Cancers' Love-Hate Relationship with Proteins Offers New Treatment Window
17 Dec 03 | Scientists have found that the absence of two proteins cells use to cope with heat stress can make it easier for the cells to become cancerous, but that same absence also makes it harder for cancerous cells to survive exposure to heat and radiation.
New Doctorate in Audiology Program Offered at Central Institute for the Deaf at Washington University School of Medicine
16 Dec 03 | Individuals who complete the Au.D. degree program will receive doctorate-level training in clinical audiology and the fields related to speech and hearing sciences. By 2012, a doctoral degree will be required for certification in clinical audiology.
Brain Tumor Growth Requires Abnormal Cellular Neighbors
15 Dec 03 | In trying to develop a mouse model of neurofibromatosis 1 (NF1), a genetic disorder that predisposes children to certain types of brain tumors, the team discovered that tumors only developed when all brain cells were genetically abnormal.
Database Study Yields New Insights Into Arthritis Drug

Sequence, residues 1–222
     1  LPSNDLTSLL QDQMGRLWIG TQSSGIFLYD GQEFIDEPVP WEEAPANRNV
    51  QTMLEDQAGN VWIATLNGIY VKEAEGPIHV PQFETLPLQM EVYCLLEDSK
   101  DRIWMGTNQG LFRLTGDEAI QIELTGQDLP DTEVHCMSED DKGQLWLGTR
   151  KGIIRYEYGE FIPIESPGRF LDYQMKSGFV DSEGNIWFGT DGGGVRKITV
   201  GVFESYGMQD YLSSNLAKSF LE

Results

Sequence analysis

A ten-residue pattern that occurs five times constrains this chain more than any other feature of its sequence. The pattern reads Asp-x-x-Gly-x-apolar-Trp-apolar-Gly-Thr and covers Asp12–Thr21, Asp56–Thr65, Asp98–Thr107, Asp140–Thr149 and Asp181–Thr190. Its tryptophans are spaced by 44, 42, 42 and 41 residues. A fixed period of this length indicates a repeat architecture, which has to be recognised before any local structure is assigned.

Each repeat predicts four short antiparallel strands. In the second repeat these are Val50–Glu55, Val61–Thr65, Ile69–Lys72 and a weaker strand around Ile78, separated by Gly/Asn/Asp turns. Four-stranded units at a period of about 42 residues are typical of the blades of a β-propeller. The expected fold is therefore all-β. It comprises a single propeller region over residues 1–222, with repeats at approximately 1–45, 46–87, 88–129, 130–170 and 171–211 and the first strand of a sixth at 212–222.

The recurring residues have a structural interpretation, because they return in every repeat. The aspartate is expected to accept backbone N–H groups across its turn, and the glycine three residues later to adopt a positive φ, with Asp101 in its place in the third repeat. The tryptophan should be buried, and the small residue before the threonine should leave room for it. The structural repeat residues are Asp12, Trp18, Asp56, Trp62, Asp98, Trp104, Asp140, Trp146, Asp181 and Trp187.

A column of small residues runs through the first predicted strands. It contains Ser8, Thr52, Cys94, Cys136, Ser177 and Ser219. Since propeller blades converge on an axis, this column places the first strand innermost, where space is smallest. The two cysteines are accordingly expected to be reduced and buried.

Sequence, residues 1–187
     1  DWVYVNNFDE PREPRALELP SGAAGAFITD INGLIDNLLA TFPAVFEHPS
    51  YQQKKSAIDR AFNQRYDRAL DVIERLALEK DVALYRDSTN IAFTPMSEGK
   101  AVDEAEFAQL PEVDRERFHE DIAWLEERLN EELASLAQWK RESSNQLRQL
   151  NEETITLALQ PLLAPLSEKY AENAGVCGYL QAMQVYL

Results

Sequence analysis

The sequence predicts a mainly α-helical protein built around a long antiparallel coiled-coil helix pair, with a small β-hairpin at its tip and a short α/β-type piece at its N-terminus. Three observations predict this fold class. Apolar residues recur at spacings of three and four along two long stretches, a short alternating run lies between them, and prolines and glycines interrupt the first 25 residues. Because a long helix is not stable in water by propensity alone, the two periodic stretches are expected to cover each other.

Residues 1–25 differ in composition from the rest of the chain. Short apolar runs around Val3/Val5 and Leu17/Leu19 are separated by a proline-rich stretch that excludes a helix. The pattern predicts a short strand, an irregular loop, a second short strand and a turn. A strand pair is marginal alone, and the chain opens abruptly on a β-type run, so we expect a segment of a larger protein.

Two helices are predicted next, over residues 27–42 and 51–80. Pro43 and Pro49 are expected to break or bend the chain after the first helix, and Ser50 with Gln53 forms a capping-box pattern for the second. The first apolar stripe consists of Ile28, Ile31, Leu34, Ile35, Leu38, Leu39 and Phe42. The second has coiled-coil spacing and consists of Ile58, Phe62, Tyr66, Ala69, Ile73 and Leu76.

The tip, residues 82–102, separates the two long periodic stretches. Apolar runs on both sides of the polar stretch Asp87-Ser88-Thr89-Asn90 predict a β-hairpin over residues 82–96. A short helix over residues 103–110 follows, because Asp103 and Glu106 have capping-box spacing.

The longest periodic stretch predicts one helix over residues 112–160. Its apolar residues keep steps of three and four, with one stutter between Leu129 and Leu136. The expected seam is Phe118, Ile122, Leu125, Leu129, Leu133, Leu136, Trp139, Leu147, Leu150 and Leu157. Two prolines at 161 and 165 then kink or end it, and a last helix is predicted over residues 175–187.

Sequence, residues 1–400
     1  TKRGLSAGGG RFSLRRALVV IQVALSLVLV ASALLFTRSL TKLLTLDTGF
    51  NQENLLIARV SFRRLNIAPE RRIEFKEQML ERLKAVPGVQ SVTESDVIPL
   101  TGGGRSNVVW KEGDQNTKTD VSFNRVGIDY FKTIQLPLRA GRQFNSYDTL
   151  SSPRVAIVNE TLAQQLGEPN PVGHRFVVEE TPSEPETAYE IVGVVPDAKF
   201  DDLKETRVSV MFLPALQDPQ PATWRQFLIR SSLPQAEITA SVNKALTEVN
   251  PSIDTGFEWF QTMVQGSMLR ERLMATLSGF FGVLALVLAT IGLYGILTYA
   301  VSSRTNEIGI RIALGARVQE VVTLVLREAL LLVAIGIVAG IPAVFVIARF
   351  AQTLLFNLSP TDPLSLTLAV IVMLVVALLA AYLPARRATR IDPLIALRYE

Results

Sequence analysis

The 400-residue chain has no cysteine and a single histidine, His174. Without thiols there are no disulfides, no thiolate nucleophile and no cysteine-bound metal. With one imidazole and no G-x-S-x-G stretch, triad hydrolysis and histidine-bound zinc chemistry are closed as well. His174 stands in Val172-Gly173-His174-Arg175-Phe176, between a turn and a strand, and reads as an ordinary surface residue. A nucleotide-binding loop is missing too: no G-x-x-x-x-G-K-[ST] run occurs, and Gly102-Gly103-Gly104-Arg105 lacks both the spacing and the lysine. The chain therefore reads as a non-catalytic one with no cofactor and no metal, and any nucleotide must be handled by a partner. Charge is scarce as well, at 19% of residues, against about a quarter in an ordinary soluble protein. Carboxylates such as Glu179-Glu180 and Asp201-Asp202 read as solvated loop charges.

12 Dec 03 | Researchers at the Veterans Affairs Medical Center and Washington University School of Medicine have analyzed a national database of VA patients to investigate the effects of rheumatoid arthritis drug leflunomide in the first years after approval.
Black and Needleman Appointed to Leadership Positions in Administration and Research
12 Dec 03 | Washington University School of Medicine in St. Louis has named Michael E. Black as associate dean and associate vice chancellor for administration and finance, and Philip Needleman, Ph.D., as associate dean for special research projects.
Healthy Children Needed for Brain Study
11 Dec 03 | Healthy children between 7 and 9 years old are needed for a study on the development of language skills at Washington University School of Medicine in St. Louis. Participants will be asked to complete three visits.
Center to Enable Genetic Treatments, Immune Therapies, Other Advances